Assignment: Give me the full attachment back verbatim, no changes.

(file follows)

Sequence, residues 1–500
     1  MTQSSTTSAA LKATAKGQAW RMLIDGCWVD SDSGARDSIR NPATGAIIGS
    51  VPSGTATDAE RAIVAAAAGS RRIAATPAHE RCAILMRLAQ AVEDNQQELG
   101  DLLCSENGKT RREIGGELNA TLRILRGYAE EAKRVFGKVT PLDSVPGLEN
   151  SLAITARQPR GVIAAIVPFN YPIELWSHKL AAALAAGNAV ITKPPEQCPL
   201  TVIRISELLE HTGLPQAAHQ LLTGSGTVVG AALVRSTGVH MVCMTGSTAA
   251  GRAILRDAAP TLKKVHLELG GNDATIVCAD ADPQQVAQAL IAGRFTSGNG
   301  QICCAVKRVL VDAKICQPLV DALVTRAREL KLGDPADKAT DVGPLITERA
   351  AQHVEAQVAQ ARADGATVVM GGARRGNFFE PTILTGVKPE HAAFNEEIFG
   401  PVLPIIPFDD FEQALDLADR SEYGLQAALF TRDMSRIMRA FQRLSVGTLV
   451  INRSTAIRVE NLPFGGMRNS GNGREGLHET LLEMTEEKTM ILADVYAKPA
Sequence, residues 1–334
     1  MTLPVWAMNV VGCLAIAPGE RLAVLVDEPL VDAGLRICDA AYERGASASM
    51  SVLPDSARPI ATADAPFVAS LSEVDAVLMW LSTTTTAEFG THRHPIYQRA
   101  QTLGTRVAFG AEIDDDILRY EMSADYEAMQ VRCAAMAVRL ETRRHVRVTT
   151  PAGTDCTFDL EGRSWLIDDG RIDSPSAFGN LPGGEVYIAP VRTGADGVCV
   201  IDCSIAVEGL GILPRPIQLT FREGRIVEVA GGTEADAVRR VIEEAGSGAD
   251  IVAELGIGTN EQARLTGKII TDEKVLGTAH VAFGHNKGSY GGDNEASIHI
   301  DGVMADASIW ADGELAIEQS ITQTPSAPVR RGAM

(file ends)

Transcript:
Sequence, residues 1–500
     1  MTQSSTTSAA LKATAKGQAW RMLIDGCWVD SDSGARDSIR NPATGAIIGS
    51  VPSGTATDAE RAIVAAAAGS RRIAATPAHE RCAILMRLAQ AVEDNQQELG
   101  DLLCSENGKT RREIGGELNA TLRILRGYAE EAKRVFGKVT PLDSVPGLEN
   151  SLAITARQPR GVIAAIVPFN YPIELWSHKL AAALAAGNAV ITKPPEQCPL
   201  TVIRISELLE HTGLPQAAHQ LLTGSGTVVG AALVRSTGVH MVCMTGSTAA
   251  GRAILRDAAP TLKKVHLELG GNDATIVCAD ADPQQVAQAL IAGRFTSGNG
   301  QICCAVKRVL VDAKICQPLV DALVTRAREL KLGDPADKAT DVGPLITERA
   351  AQHVEAQVAQ ARADGATVVM GGARRGNFFE PTILTGVKPE HAAFNEEIFG
   401  PVLPIIPFDD FEQALDLADR SEYGLQAALF TRDMSRIMRA FQRLSVGTLV
   451  INRSTAIRVE NLPFGGMRNS GNGREGLHET LLEMTEEKTM ILADVYAKPA
Sequence, residues 1–334
     1  MTLPVWAMNV VGCLAIAPGE RLAVLVDEPL VDAGLRICDA AYERGASASM
    51  SVLPDSARPI ATADAPFVAS LSEVDAVLMW LSTTTTAEFG THRHPIYQRA
   101  QTLGTRVAFG AEIDDDILRY EMSADYEAMQ VRCAAMAVRL ETRRHVRVTT
   151  PAGTDCTFDL EGRSWLIDDG RIDSPSAFGN LPGGEVYIAP VRTGADGVCV
   201  IDCSIAVEGL GILPRPIQLT FREGRIVEVA GGTEADAVRR VIEEAGSGAD
   251  IVAELGIGTN EQARLTGKII TDEKVLGTAH VAFGHNKGSY GGDNEASIHI
   301  DGVMADASIW ADGELAIEQS ITQTPSAPVR RGAM